Weekly Brief – Toss the Typewriter

Here it goes: I am finally going to divulge the reasons why my web-site is called Toss the Typewriter.  I can hear you all sighing in relief.  “The anticipation was unbearable,” you say.  “Tell us please!”

Here are the top seven reasons why my blog is called “Toss the Typewriter”.

7) Did I mention, I’m a writer?

6) In college, in the olden days, a couple of centuries ago, I actually had a typewriter. It was pretty fancy: electric with a ribbon that I could manually rewind when the words started fading.  I had perpetually ink-stained fingertips.

type_ale

I typed for beer.  Yup, that’s right.  A five-page paper was worth a six-pack of Molson Golden.  Entrepreneurship at its best (if you like Molson Golden).  Then computers came along, followed by PCs, and I was out of business.  Probably a good thing, or I might still be typing other people’s words for a six-pack.  I was pleased to toss the typewriter and buy my first Mac.

Type_Mac

Type_Randy

5) “Don’t let then know you can type,” recommended the 1977 version of Games Mother Never Taught You: Corporate Gamesmanship for Women, by Betty Lehan Harragan (page 318). The typewriter was a pariah to be hidden away because of its “enduring immediate association with secretarial duties.” I followed a lot of advice found in this book, but luckily I missed this recommendation.  With a BS in Recreation Management, I typed my way from promotion to promotion, and infiltrated the world of computer programming.  I credit my relationship with the QWERTY keyboard for helping me advance.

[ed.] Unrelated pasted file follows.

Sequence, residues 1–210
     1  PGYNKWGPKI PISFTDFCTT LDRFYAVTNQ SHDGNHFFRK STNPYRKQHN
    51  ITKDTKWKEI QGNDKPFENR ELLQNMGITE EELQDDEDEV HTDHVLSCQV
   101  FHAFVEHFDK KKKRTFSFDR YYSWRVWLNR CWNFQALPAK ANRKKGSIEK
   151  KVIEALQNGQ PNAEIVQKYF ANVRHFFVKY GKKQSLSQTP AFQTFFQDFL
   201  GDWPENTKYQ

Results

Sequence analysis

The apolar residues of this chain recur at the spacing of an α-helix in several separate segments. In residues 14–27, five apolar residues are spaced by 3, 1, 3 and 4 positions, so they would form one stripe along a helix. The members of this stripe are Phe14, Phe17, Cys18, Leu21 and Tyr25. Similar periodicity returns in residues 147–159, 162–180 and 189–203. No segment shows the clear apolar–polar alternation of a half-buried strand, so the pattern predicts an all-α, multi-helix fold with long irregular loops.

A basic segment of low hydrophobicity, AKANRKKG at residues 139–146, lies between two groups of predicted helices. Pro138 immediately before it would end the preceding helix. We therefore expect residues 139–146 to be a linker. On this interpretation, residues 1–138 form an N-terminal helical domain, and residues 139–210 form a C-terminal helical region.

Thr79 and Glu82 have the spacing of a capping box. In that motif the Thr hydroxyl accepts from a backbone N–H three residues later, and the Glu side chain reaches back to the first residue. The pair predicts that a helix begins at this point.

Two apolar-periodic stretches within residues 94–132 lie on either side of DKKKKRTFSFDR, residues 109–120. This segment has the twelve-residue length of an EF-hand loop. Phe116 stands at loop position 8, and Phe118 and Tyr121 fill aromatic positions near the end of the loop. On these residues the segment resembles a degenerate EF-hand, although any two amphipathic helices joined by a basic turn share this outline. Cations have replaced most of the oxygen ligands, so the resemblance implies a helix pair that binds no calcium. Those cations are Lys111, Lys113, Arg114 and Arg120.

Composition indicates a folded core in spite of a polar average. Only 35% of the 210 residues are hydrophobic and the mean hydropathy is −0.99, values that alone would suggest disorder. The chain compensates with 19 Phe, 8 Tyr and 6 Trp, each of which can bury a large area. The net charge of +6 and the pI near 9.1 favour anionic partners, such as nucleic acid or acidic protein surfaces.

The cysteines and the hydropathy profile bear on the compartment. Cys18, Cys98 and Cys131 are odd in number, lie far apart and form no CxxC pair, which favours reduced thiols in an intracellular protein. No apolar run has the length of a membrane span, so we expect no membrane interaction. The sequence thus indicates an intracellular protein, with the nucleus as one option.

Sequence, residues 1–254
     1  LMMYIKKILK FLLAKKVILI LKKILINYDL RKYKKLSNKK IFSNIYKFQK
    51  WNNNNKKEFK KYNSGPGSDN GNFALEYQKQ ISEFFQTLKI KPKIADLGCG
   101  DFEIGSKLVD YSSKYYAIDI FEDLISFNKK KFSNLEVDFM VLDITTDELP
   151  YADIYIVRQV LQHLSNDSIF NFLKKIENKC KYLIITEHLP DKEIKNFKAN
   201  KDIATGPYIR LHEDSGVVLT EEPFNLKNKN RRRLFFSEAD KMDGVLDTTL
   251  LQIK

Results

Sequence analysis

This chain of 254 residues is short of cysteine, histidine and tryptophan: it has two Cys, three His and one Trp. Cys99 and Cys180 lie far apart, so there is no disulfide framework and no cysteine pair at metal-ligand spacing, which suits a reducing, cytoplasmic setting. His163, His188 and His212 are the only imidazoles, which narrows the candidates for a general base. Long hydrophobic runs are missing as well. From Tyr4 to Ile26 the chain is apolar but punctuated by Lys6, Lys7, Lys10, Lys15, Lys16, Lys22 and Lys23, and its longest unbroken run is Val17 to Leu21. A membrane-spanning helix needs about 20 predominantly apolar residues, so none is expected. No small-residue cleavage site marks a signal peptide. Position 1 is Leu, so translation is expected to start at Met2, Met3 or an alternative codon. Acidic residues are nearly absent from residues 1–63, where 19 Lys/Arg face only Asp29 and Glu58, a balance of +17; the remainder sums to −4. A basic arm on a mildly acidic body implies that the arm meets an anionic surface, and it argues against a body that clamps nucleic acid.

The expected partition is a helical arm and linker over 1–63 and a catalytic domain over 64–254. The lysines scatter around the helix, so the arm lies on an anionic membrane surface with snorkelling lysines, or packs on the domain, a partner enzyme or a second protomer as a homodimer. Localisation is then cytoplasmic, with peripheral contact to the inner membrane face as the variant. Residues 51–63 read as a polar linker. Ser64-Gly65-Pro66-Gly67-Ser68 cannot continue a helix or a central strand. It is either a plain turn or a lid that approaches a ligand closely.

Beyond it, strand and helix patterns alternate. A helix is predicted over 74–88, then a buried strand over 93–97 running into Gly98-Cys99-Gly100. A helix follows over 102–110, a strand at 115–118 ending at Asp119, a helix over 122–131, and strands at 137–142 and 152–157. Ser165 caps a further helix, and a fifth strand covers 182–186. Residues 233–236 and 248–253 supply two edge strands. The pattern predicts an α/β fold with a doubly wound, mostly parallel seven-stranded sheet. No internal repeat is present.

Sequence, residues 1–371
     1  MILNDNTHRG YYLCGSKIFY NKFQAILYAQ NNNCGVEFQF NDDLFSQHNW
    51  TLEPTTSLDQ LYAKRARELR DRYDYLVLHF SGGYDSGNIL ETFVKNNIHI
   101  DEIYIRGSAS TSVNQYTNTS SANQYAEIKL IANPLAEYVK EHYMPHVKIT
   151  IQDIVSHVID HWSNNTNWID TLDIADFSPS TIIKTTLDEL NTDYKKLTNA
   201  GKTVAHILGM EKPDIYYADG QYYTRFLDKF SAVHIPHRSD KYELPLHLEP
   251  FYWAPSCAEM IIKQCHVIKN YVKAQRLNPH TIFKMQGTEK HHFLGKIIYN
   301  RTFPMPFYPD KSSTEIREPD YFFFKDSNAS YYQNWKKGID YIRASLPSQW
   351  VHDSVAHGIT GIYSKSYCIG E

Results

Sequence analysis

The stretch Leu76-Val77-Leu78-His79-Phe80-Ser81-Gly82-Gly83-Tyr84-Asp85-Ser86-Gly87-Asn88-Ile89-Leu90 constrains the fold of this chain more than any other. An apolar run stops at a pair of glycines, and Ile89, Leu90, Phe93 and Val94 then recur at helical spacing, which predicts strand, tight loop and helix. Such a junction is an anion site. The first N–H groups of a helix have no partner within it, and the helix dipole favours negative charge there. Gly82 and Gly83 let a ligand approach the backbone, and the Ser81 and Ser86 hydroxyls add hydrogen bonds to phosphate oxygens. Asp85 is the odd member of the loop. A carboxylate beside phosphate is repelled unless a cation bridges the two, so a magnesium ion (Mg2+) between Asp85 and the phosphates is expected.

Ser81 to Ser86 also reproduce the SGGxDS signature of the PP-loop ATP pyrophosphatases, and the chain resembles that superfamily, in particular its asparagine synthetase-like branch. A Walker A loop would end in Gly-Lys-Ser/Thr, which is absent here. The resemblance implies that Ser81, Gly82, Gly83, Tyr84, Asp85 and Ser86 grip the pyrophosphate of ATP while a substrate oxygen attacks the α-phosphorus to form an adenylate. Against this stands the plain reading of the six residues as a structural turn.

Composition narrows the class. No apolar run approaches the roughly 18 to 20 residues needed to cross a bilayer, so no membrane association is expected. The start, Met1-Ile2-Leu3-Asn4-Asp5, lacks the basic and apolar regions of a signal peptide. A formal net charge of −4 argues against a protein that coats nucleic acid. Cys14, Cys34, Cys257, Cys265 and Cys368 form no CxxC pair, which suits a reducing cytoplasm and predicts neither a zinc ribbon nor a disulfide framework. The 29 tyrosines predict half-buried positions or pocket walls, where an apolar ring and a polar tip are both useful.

Type_manual

4) Typing class…8:45 AM…cold, winter mornings…fingers frozen from forgotten gloves…black keys stiffly awaiting the first punch…Sister Dismas watching every keystroke…no coffee addiction…yet.  Need I say more?

3) It would be awesome to stand on the top floor of a tall building, preferably eight or more stories, open the window, and let fly the typewriter that didn’t cooperate in writing my first novel (hence the technology career).  Ah, the beauty of this machine tumbling end-to-end until its heavy side finally finds gravity. I watch metal hit concrete shattering the typewriter into 26-plus perfect pieces.  Then I skip down the stairs and into bright sunshine to admire the chaos.  And there it is, the perfect sentence written out by typewriter keys embedded in sidewalk.

I would never do this; but I can dream.

2) These days, instead of trying to toss a 20 pound, expensive piece of equipment, we can toss a one-pound, $12 keyboard. We’ve come so far. But where’s the satisfaction?

1) And the number one reason for naming my blog “Toss the Typewriter”:

Fordn’y rbrty etiyrt hsbr yhodr fsyd ehrn yhr ginhrtd str midslinhrf snf s eholr pstshtsph lookd likr yhid?

Translation: 

Doesn’t every writer have those days when the fingers are misaligned and a whole paragraph looks like this?

Obviously it’s the typewriter’s fault!

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About Barbara Rath

Enjoy reading, writing, hiking, hangin' with family, friends and my dogs, watching soccer (Go Breakers), baseball, football. Favorite foods are coffee, chocolate, and artichokes. Always thinking of new stuff to do and then not doing it.
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